The Minster Church of St George, also known as Doncaster Minster, played a key role in the lives of Doncaster’s people during the First World War.
Folliot George Sandford became the Archdeacon of Doncaster in 1913 and preached at the Minster. During wartime, the residential areas around the Minster were much closer and the population of the parish was higher than it is now. As a result, the number of people who attended the church regularly was very high and the Church played an important part of people’s lives. The Archdeacon and Mrs Sandford were regularly present at fundraisers and events around the Doncaster area at local auxiliary hospitals, churches and schools.
The death of Lord Kitchener in June 1916 was described by the local Doncaster press as a ‘national calamity’. Kitchener, as the Secretary of State for War, was well known internationally and a huge church service was held in Doncaster Minster in his honour. The service was so popular it filled the church. Mayor Samuel Balmforth (centre of the photograph), councillors, wounded soldiers from local hospitals and V.A.D. (Voluntary Aid Detatchment) nurses were among the attendees.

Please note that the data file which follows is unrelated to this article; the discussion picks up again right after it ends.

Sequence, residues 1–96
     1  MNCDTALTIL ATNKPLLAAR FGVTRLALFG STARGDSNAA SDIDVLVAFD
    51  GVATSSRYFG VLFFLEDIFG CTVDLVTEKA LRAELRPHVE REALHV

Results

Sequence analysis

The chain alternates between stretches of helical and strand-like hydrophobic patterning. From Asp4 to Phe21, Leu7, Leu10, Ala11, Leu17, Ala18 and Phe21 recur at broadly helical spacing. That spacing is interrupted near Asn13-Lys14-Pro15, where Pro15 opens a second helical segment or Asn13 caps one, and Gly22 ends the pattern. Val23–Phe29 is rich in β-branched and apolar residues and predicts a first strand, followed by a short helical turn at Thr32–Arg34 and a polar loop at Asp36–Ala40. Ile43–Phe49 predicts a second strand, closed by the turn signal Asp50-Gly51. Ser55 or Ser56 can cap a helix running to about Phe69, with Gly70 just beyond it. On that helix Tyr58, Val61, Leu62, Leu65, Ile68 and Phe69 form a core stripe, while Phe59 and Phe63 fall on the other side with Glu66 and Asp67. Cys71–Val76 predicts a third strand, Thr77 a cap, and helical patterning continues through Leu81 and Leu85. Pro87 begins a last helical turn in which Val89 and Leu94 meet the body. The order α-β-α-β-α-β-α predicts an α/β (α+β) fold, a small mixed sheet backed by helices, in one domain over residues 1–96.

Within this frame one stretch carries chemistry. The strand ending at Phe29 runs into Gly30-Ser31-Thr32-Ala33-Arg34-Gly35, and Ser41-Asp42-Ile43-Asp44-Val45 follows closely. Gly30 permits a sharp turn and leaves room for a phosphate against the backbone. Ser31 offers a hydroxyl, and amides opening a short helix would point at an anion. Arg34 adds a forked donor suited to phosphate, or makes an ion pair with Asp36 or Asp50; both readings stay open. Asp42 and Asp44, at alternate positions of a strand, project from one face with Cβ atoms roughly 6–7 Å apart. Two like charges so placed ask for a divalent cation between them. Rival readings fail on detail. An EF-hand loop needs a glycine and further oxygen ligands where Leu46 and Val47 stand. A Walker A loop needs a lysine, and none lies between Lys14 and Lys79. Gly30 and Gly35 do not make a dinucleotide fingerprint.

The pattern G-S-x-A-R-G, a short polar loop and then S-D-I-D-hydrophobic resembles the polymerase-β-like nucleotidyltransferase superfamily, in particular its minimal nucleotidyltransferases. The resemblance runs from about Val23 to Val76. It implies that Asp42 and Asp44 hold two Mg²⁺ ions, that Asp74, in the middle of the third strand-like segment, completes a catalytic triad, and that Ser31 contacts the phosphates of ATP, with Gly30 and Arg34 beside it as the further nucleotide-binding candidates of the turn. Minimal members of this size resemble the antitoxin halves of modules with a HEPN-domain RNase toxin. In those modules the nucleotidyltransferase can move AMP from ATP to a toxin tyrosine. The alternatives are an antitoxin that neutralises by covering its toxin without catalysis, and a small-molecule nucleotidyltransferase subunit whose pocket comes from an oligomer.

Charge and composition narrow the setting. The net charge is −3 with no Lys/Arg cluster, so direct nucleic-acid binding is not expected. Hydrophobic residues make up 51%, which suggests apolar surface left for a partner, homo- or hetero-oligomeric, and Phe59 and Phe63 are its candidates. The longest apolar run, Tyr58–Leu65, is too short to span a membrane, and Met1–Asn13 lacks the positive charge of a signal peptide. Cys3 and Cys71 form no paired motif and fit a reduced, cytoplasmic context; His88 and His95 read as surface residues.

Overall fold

In February 1917 a Roll of Honour was produced listing men from the parishes and congregations of St George’s and St Andrew’s Churches. In the foreword, Folliott wrote ‘We want our brave Sailors and Soldiers to know that they are constantly in our thoughts, and that their names are often on our lips’ and encouraged parish members to pray for the men. The roll included reprints of the prayers that were said daily in the Church.